Workers for Delphi, a former subsidiary of General Motors, are facing 24,000 job cuts, the slashing of wages by 63%, and huge cuts in benefits such as pensions and health care.
Delphi is filing for bankruptcy, and the cuts are to go ahead despite recently awarding executives with nearly $40m in bonuses. The auto workers are beginning to fight back, defying the United Auto Workers union and attempting slowdowns in Delphi plants, including facilities in Flint, Michigan, and Kokomo, Indiana.
Rank-and-file workers, such as those in "Soldiers of Solidarity" group - www.soldiersofsolidarity.com - are holding demonstrations, and preparing for strike action. (Pictured above left are US car workers striking in 2004)
The Detroit Free Press Business section reported:
Delphi Corp. Chief Executive Steve Miller has his finger on the button that could lead to a strike that could deepen the problems of an already struggling General Motors Corp.
Miller can push that button Friday, the date U.S. Bankruptcy Court Judge Robert Drain established for Delphi to seek approval to void its labor contracts, a move sure to force union leaders to take a strike vote.
Miller has not said what he will do.
But Miller's ability to start a process of getting rid of union contracts hangs over talks among Delphi, its former owner, GM, and the UAW, Delphi's largest union.
Guessing what will happen in this high-stakes game has become something of a sport among auto analysts and industry insiders. Three things could happen Friday:
Miller files the motion and the UAW quickly takes a strike vote.
Miller delays filing the motion until sometime before March 21, a hearing date set in bankruptcy court in New York.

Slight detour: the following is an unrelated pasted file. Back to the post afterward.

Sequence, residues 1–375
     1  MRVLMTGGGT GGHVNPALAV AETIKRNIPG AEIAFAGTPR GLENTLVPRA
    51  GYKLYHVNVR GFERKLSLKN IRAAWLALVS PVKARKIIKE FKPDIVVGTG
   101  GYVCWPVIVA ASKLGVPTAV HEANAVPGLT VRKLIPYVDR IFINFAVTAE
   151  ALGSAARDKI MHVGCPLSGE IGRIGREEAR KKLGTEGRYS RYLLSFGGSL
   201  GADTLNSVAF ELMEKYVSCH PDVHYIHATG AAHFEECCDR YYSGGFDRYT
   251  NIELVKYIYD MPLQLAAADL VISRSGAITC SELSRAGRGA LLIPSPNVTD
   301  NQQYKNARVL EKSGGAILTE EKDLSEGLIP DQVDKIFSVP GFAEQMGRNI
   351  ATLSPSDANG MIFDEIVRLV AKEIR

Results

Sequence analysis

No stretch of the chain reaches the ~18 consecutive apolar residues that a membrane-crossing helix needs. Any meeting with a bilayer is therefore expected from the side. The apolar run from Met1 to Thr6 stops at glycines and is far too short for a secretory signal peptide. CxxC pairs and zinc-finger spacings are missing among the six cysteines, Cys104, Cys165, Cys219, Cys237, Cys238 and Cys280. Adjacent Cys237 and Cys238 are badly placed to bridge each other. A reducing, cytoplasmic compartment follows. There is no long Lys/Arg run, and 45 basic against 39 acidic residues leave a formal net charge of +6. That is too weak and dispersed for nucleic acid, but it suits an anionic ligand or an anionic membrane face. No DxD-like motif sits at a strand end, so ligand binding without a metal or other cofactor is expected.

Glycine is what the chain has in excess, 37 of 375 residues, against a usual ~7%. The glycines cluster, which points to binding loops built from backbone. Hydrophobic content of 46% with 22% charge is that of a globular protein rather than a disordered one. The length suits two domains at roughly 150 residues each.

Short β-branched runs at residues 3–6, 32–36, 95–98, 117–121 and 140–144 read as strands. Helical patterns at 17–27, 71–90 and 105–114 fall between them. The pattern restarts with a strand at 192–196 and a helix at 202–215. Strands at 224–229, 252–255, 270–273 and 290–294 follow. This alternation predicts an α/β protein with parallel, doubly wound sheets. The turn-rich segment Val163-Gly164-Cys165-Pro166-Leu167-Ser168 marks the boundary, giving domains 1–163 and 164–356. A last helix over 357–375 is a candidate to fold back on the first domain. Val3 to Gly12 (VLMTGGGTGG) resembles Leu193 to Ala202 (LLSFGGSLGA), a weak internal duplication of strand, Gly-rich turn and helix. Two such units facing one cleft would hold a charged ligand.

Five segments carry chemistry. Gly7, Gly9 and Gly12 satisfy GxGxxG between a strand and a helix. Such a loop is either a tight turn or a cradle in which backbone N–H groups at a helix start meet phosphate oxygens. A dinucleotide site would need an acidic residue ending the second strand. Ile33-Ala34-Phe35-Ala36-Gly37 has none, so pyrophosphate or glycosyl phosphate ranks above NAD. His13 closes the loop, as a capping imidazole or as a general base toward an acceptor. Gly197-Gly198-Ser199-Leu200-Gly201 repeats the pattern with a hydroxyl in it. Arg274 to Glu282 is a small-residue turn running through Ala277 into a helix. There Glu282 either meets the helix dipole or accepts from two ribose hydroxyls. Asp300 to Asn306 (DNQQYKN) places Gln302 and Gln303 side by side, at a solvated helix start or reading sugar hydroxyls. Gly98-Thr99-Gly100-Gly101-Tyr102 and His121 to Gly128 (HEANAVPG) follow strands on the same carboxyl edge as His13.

Miller announces that GM, its largest customer, has stepped in to offer a multimillion dollar bailout to help reduce its wages and benefits.
Miller has said Delphi might void its labor contracts if blue-collar workers don't accept significant reductions in jobs, pay and benefits.
Delphi's six unions have formed a coalition led by the UAW and threatened to strike if its contracts are nullified -- a walkout that could quickly shut down most if not all GM assembly plants in the United States, Mexico and Canada.
Richard Gedeon, a 34-year Delphi worker in Warren, Ohio, plans to strike. "We busted our asses over here giving them concessions, and what do they do? They want to close the plants down and move the work to foreign countries," Gedeon said. "This is some bull -- executives getting bonuses -- meanwhile they're cutting our wages."
To avoid a strike, GM has offered to help Delphi and unions come to terms, possibly by allowing some Delphi workers to take jobs at GM, and spend billions of dollars on buyouts, wage subsidies and other incentives for Delphi workers to accept the cost-cutting contracts.
Delphi lost $4.8 billion in 2004. After losing $741 million in the first six months of 2005 it filed for Chapter 11 bankruptcy protection on Oct. 8.
The Troy-based company says its 34,000 U.S. hourly workers make $27 an hour, which amounts to $76 an hour when benefits are added. It wants to cut 24,000 hourly jobs from its U.S. workforce and reduce the wages to an average $12.50 an hour, or $35 an hour when benefits are added.
GM Chief Financial Officer Fritz Henderson said Jan. 26 that GM will spend between $3.6 billion and $12 billion in benefit guarantees for some former workers who were moved to Delphi.